Feb 26, 2020 - Energy & Environment

Report: BP abandoning trade groups in climate split

BP CEO Bernard Looney speaks during an event in London on February 12
BP CEO Bernard Looney speaks during an event in London on Feb. 12. Photo: Daniel Leal-Olivas/AFP via Getty Images

Oil-and-gas giant BP is planning to leave at least two industry trade groups due to differences over climate change policy, The Washington Post reported Tuesday night.

Driving the news: BP is expected to leave American Fuel & Petrochemical Manufacturers (AFPM), and the Western States Petroleum Association (WSPA), they report. The WSPA confirmed to Axios that BP is leaving.

  • The WashPost report also says that BP "might also pull out of a third association."

Why it matters: The move signals wider fault lines within the industry over climate as some companies, including BP, call for steps including carbon pricing and regulating methane emissions.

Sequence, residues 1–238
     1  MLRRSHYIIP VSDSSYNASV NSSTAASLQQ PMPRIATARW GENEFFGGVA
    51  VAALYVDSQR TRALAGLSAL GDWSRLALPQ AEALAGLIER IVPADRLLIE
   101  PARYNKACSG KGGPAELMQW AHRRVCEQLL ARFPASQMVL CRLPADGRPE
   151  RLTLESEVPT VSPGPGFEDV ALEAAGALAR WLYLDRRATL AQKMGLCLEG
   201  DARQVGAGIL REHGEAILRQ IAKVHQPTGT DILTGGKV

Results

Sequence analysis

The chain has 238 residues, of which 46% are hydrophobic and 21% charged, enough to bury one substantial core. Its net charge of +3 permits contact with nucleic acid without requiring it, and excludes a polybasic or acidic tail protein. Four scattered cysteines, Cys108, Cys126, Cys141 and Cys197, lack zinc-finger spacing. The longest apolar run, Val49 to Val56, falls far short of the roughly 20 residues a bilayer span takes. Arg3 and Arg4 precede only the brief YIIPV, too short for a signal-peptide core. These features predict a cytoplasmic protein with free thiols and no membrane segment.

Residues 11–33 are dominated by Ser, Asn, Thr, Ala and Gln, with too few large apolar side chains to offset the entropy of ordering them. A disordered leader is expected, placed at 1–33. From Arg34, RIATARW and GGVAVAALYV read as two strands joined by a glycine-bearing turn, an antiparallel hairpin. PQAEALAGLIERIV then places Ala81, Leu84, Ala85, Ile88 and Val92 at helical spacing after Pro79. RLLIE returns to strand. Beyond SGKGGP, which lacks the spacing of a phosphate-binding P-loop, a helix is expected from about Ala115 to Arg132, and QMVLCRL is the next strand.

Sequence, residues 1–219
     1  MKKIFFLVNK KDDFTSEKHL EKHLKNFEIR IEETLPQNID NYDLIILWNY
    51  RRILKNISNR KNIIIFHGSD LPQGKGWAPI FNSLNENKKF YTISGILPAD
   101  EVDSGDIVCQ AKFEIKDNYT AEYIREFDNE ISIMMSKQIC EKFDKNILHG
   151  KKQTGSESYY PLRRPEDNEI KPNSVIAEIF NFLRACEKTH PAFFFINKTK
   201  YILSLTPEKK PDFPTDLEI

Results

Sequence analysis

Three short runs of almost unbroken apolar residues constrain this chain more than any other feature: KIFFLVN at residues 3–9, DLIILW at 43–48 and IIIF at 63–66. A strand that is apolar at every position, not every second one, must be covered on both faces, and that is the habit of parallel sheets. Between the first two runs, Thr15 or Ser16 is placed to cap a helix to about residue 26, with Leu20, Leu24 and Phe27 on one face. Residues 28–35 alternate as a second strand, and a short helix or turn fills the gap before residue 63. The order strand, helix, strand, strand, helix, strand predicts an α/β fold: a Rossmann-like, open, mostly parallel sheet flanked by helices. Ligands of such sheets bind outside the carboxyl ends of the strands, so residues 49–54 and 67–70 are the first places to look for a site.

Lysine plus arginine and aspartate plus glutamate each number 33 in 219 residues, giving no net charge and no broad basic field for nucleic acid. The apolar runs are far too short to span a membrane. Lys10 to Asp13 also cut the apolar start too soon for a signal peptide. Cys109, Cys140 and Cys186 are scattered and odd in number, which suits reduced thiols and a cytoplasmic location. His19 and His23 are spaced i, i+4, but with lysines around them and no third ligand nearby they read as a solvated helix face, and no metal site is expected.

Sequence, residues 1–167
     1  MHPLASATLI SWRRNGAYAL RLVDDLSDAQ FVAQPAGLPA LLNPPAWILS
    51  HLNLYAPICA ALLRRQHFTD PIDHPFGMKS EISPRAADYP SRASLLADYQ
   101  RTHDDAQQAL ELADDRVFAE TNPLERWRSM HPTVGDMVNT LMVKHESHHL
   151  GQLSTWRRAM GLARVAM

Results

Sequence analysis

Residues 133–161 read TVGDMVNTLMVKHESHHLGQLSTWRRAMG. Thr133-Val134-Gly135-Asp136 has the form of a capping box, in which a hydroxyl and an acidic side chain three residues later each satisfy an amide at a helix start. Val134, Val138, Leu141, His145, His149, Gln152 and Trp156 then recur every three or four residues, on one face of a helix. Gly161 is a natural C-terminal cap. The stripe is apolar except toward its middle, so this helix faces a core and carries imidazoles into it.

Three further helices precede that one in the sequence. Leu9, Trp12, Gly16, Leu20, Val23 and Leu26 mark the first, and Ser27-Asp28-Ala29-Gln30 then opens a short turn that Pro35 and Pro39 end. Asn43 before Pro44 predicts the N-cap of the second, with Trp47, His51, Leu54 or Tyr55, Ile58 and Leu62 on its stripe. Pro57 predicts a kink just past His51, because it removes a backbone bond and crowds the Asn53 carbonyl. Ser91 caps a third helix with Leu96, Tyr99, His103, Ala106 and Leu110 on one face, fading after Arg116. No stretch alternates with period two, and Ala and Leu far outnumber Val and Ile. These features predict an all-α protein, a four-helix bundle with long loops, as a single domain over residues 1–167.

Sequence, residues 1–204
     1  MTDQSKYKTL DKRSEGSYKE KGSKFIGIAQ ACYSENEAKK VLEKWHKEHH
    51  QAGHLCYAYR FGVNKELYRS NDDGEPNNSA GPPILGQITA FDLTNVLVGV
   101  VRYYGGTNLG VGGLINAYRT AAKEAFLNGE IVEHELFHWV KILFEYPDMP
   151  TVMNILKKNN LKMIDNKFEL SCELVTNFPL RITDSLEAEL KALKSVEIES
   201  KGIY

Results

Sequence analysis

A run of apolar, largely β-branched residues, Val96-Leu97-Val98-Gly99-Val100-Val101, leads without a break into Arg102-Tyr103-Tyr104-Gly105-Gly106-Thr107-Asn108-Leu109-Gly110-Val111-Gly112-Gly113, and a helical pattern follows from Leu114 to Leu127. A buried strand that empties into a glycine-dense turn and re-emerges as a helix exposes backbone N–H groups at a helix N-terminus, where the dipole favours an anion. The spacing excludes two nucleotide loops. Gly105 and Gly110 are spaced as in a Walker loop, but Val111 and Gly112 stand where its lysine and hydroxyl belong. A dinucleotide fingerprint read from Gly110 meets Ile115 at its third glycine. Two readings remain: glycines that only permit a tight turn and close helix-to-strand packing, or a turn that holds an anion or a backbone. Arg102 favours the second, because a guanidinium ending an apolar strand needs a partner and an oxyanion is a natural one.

Yes, but: WashPost notes that BP is expected to remain with the American Petroleum Institute, the industry's most powerful lobbying group. BP did not immediately provide comment Tuesday night.

Catch up quick: BP, when announcing new emissions pledges two weeks ago, said it was reviewing its trade association memberships and would announce the outcome by the end of this month.

  • New CEO Bernard Looney said BP would advocate for their views within the groups, be "transparent" about differences, and "where we can't reach alignment, we will be prepared to leave."
  • Oil giants Shell and Total announced their departures from AFPM last year.

Go deeper: Carbon capture leaders team up on net-zero emissions

Go deeper